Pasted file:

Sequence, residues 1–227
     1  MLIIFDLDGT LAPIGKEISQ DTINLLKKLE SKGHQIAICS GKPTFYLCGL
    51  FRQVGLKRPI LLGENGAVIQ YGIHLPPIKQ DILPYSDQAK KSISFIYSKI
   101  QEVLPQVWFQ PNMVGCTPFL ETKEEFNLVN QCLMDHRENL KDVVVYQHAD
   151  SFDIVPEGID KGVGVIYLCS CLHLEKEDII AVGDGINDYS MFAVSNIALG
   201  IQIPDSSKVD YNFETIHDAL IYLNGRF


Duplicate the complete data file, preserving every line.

Sequence, residues 1–227
     1  MLIIFDLDGT LAPIGKEISQ DTINLLKKLE SKGHQIAICS GKPTFYLCGL
    51  FRQVGLKRPI LLGENGAVIQ YGIHLPPIKQ DILPYSDQAK KSISFIYSKI
   101  QEVLPQVWFQ PNMVGCTPFL ETKEEFNLVN QCLMDHRENL KDVVVYQHAD
   151  SFDIVPEGID KGVGVIYLCS CLHLEKEDII AVGDGINDYS MFAVSNIALG
   201  IQIPDSSKVD YNFETIHDAL IYLNGRF